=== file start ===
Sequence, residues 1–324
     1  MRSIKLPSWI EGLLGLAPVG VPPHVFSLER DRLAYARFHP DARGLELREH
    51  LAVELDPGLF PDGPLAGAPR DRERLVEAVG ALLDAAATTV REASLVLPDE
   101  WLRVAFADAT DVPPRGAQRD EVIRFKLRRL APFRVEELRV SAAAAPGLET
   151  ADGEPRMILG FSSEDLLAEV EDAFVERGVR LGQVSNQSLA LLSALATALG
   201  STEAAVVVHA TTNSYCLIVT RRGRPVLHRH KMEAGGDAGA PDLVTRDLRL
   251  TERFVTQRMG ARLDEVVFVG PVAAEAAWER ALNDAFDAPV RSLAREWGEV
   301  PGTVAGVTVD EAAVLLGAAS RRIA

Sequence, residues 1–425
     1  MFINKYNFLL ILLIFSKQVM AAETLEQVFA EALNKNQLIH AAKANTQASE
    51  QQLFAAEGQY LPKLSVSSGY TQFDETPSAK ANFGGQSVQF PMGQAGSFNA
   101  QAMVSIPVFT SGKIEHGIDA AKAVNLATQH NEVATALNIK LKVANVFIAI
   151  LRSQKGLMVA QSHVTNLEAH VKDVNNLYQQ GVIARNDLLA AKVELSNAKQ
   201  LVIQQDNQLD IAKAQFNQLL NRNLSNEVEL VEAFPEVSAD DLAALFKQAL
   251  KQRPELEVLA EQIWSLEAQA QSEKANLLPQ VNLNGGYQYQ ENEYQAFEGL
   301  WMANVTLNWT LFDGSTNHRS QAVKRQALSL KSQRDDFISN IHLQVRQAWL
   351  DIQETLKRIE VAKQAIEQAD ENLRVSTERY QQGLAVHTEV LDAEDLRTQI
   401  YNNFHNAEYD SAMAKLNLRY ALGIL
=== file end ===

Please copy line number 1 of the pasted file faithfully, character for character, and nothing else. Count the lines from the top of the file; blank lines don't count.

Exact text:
Sequence, residues 1–324